Celso Lagar (Ciudad Rodrigo, 4.2.1891-Sevilla, 6.9.1966) entered the history of art of the 19th century as a painter of circus, though his life and work was much more that this. First of all and above all, Lagar represents well a social consideration of a contemporary artist, that is, someone who, after initial studying in historical vanguards of Paris, looks for an authentic way of expressing himself with a series of personal themes, easily identifiable among his contemporaries. But besides, Celso Lagar is an introverted Bohemian, a depressive person and absolutely dependent on his companion, Hortense Begué, a sculpturer with whom he will share his life since he knew her, in 1912, until her death in 1956. In case of Lagar we meet an "execrated painter" (with no great public success, tormented, poor…) and that precisely gives him all the requirements for the triumph in a period like the current, marked by the "revival". Thus, the public opinion about Lagar has improved considerably in the last years, that coincided with the centenary of his birth, when he has been rediscovered by the public in a number of anthological exhibitions.
Life and work of Celso Lagar can be divided in four stages distinctly separated by the historical events (the two World Wide Wars). Both wars had a powerful influence on Lagar’s life but not on his obvious artistic approaches, regarding his artistic consolidation after the First World War, on his own thematic (landscapes, taverns and, especially, the circus scenes) and a series of constant influences (Goya, Cezanne ...).
The first of his stages was that of apprenticeship, that lasted until he left Paris when the First World War started. Perhaps influenced by his father’s work (Gumersindo Lagar was a cabinetmaker) he began his education in the field of sculpture. From his natal Ciudad Rodrigo, he went to Madrid to join a workshop of one of the best sculptors of the time, Michael Blay. Blay himself advised Lagar to go to Paris to continue his learning, just when the French capital was the centre of the artistic world. As a good disciple, Lagar will go to Paris though before, during 1910 and 1911, he visited Barcelona, where, he began a series of contacts that will become very helpful later.
In March of 1911, Lagar arrived to Paris where he made a number of sculptures most of which are nowadays lost. Throughout these years he will get to know Hortense Begué, his companion for the rest of his life, and the distinguished sculptor Joseph Bernard and Amedio Modigliani with whom he established a brief but intense friendship that influenced him strongly during that period. This will be the time when, gradually, he left sculpture in favour of painting as it was stated on his return from Paris after the First World War.
The outbreak of the First World War meant the beginning of the second stage in Celso Lagar's life and work. He will go to Barcelona where he will remain during the war and, taking advantage of the contacts of his previous stay. He organized a number of exhibitions that already had a clear pre-eminence of his work as a painter and that were useful for achieving certain recognition in Cataluña and, finally, a presentation letter for his return to Paris.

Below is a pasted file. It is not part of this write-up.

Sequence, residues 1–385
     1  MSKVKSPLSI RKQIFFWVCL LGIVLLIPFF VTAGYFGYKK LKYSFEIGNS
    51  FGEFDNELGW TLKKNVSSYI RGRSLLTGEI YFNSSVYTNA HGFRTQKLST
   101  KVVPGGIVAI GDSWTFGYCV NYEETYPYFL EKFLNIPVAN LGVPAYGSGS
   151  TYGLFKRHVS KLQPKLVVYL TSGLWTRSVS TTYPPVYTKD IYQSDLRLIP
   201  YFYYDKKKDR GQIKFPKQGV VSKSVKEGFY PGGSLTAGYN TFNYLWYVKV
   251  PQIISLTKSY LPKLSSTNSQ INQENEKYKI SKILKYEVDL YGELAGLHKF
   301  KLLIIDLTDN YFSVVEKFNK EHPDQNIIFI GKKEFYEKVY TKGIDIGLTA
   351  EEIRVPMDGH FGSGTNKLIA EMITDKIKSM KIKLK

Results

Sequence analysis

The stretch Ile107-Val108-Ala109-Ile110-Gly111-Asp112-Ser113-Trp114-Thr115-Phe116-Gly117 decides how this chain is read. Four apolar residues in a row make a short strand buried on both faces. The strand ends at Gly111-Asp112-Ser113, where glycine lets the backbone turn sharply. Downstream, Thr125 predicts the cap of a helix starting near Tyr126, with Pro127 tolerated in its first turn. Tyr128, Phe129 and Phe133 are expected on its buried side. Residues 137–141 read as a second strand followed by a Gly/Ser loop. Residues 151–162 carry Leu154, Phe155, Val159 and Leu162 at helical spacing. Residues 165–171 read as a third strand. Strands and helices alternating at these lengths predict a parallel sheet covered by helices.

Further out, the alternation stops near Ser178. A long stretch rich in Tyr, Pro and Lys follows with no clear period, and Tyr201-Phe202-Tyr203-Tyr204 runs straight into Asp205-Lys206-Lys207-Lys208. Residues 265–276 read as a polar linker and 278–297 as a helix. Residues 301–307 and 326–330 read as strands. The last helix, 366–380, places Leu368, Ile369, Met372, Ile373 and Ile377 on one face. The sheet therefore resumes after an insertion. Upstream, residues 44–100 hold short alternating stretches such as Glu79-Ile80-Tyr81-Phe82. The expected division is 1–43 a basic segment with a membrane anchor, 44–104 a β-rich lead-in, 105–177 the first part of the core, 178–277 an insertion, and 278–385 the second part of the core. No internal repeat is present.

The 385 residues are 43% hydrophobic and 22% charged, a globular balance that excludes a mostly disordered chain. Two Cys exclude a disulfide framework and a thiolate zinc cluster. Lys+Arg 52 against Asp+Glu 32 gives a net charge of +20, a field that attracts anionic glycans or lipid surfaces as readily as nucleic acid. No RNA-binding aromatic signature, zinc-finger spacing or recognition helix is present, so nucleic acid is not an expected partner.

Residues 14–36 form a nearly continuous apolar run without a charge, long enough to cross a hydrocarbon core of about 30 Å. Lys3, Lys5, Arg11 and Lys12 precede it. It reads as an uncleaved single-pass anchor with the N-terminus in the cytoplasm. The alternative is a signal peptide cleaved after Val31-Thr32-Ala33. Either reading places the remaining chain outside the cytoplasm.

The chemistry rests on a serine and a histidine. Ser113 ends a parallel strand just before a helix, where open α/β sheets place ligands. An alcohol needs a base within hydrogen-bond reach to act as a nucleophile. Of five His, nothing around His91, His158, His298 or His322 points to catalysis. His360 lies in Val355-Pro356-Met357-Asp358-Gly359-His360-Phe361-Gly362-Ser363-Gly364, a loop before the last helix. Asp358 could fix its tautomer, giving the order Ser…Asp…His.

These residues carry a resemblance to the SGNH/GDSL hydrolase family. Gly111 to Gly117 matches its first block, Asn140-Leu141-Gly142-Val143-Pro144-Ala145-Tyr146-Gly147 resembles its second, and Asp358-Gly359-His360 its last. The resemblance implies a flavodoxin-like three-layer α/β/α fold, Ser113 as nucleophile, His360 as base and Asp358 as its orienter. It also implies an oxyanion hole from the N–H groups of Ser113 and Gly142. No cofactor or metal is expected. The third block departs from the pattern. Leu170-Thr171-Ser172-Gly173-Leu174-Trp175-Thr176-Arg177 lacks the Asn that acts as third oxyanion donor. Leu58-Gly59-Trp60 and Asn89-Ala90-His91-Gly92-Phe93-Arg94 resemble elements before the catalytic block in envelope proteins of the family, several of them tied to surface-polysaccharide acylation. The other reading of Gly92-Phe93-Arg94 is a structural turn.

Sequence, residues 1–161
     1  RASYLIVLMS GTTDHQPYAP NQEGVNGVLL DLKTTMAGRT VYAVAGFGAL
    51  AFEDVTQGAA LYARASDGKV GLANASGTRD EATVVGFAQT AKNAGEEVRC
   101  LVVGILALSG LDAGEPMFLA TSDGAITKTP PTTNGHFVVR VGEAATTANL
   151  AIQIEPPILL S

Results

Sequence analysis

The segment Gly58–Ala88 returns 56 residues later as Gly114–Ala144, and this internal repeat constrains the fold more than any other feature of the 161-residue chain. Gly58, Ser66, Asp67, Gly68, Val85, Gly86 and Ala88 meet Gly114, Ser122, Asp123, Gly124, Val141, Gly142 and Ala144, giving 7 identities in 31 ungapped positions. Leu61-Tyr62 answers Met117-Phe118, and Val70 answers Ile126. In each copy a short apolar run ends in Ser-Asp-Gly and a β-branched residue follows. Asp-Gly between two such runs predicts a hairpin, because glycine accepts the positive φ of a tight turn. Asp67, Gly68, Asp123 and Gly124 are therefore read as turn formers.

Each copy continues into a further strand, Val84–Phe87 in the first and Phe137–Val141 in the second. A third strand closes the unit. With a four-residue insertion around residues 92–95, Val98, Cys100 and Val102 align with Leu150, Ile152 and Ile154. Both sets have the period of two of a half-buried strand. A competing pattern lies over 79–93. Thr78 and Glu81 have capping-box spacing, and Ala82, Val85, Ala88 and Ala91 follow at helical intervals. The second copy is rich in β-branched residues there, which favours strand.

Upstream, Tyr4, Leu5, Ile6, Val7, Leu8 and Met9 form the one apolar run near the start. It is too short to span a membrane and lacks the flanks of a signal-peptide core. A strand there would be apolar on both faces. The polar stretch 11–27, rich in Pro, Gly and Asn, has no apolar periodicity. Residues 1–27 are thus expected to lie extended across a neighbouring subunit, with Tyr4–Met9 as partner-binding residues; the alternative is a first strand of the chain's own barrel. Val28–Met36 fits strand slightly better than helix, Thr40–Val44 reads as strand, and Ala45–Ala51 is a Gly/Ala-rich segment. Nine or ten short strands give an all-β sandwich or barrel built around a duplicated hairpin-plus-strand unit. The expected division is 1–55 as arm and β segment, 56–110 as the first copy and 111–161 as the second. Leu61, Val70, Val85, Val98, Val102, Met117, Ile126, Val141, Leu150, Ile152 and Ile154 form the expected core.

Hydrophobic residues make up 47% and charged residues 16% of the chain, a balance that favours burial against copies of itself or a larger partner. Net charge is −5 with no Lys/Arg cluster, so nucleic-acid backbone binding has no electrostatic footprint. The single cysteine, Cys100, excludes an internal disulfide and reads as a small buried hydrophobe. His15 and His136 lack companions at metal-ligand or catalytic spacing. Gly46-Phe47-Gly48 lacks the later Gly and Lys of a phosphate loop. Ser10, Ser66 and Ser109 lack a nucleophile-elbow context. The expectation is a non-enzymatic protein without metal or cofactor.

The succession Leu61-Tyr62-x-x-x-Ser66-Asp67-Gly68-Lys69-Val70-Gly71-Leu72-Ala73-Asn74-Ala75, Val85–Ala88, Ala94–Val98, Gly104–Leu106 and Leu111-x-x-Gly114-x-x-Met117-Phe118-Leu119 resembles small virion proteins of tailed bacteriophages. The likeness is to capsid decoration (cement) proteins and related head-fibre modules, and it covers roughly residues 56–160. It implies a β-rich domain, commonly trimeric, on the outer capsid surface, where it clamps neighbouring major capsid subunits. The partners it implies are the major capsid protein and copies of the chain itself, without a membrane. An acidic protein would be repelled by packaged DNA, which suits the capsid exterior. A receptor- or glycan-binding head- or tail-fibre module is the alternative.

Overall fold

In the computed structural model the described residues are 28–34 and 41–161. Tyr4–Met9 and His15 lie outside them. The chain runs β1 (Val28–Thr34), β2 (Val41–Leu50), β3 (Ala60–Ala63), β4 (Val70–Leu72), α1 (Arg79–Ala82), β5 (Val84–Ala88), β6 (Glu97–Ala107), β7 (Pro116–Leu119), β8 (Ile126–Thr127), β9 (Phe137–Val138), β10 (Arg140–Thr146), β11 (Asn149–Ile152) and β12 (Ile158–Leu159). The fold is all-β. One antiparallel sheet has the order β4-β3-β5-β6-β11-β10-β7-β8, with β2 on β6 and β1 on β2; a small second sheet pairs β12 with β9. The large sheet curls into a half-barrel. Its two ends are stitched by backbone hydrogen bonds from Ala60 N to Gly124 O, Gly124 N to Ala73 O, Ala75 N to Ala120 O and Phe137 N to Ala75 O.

Celso Lagar will return to France in 1919 to settle there definitively. Until the beginning of the Second World War we observe the prime of his career of an artist. During this period, Lagar exposes his works in the best Parisian galleries, his work is constant and abundant, his style becomes peculiar and he entirely devotes himself to the painting. During his residence in Paris as well as during his stays in Normandy, from 1928, he will create works on very specific themes: taverns, Spanish reminiscences, landscapes and his eulogized scenes of the circus. Having already passed the period of ultramodern influences of all kinds (cubism, fauvism, etc.), Celso Lagar will find his own way marked mainly by the inspiration provided by works of Goya and Picasso. Gradually his palette becomes colder but the themes stay the same. The recognition of the critics and the public increases.
The outbreak of the Second World War will be the beginning of the end of the Lagar’s golden epoch. He was obliged to emigrate from Paris due to the Nazi occupation. Lagar and Hortense sheltered in the French Pyrenees in very rough conditions that could affect the psychological balance of the artist. Their return after the liberation of Paris, though was not a failure, did not have as many repercussions as the author believed. His time had passed. Lagar will continue his artistic path using the same topics and the same technique but the collectors were already looking for new contents and manners. Though the exhibitions continue, they are not in the best galleries now and the sales decrease. Little by little, the success fades away and the economic penuries affect the couple that is obliged to borrow money from their friends.This was the time when the last period in Celso Lagar's life began. When on 30 January, 1956 Hortense got into the hospital Broca, Lagar fell down in a deep depression that later brought him to the Sainte Anne's psychiatric asylum and put an end to his work as an artist. Those were difficult years, years of deep depression, that he will not overcome until the end of his days despite the work on recovery of his creations initiated by a gallery owner, Crane Kalman, a true rediscoverer of Celso Lagar's art in the second half of the 19th century. Though he did not paint anymore, there were organized, by judicial order, two auctions of the works that remained in his workshop to pay his stay in the asylum until October, 1964, when he returned to Spain to live in Seville with his sister until his death on 6 September, 1966.